SINGAPORE - The Circle Line is in its third day of disrupted service on Wednesday (Aug 31) after a signalling problem was first reported on Monday.
Rail operator SMRT has been tweeting since Tuesday evening that commuters should expect a longer journey. It has also warned that intermittent braking may occur and commuters should hold onto handrails for their safety.
SMRT has said that a signalling fault involving wireless communication between the train and the track is to blame.
"Initial investigations point to possible signal interference in tunnels causing loss of signal between the trains and stations which our engineers are trying to confirm," said vice-president for corporate information and communications Patrick Nathan in response to media queries.
Mr Nathan said SMRT has been investigating the fault since Monday.
He added: "While services continue to run, as a precautionary measure and to minimise delays, staff continue to be stationed on board all trains for quicker service recovery. More staff have also been deployed to stations to assist passengers."
At 12.44pm, SMRT tweeted that normal service had resumed on the Circle Line, but followed up an hour later with a new announcement that journeys might still take up to five minutes longer.
SMRT originally sent out a tweet at 6.47am on Wednesday warning commuters to expect an additional three to five minutes of travelling time.
At 8.40am, it sent out another tweet saying that the additional travelling time was 10 minutes.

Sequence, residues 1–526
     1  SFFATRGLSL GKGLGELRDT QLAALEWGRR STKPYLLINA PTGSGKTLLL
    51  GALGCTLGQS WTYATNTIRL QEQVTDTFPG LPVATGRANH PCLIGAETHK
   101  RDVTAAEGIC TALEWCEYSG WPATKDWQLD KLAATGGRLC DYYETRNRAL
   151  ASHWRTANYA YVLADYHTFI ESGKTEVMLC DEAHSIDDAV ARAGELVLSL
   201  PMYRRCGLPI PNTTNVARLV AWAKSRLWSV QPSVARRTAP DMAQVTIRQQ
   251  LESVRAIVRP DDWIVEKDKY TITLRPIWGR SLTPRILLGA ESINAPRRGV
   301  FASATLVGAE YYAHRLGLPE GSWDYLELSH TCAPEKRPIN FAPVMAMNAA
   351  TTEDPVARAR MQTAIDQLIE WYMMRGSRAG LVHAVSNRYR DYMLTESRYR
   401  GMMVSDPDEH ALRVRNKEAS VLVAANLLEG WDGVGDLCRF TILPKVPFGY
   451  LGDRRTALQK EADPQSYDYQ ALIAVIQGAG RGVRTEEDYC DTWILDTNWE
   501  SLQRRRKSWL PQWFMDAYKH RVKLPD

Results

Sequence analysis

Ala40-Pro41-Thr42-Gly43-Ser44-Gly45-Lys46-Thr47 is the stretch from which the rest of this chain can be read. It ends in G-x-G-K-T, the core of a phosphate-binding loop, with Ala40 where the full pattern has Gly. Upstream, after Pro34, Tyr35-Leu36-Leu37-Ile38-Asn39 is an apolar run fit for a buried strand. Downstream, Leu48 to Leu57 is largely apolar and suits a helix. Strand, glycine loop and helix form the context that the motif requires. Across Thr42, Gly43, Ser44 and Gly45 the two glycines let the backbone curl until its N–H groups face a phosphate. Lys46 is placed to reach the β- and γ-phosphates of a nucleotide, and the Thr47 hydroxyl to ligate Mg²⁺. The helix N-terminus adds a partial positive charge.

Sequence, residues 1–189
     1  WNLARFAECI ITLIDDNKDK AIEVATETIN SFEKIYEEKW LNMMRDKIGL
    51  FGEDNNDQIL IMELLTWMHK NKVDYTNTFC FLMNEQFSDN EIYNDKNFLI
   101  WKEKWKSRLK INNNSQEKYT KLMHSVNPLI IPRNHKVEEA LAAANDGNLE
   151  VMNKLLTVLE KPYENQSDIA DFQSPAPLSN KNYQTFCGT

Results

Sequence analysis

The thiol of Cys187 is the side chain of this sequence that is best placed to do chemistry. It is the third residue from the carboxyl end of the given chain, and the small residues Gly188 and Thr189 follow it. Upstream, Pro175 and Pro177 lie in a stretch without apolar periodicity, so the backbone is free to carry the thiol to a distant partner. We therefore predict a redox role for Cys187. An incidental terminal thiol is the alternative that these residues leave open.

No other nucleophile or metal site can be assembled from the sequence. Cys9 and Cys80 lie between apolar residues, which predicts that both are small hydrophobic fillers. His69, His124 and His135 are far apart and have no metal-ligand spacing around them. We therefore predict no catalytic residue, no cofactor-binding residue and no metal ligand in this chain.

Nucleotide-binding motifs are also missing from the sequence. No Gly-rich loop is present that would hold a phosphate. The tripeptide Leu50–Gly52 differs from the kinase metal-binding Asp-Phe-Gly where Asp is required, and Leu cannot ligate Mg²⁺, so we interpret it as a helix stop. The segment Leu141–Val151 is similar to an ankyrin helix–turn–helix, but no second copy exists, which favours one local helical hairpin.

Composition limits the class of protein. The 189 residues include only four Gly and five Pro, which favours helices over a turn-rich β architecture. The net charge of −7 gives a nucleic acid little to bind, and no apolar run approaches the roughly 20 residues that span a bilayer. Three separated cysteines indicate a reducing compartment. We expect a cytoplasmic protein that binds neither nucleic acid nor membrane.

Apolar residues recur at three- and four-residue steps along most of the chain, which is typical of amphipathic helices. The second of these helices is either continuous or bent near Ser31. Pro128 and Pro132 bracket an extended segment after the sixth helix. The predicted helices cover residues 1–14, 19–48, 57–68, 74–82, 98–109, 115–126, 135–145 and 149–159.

Then, from 9.41am on, SMRT said that commuters could also expect additional waiting time at stations.
Commuters again took to social media to express their frustration and dismay, reporting stalled trains and long intervals between trains during the morning rush hour.
One user, Patrick Khaw, punned on Korean zombie movie Train To Busan and wrote: "Am stuck in the train tunnel on the Circle Line between Caldecott and Botanic Gardens! Reminds me of the movie 'Train to Bishan'."https://twitter.com/DianNatasha/status/770786877137752064
There were similar complaints on Tuesday morning as the signalling fault that disrupted service on Monday persisted, according to SMRT. It had been conducting tests and investigations since but the issue has yet to be resolved, Mr Nathan told The Straits Times on Tuesday.
Mr Nathan said then the fault has been identified as a fault in wireless communication between signalling equipment on the train and on the track.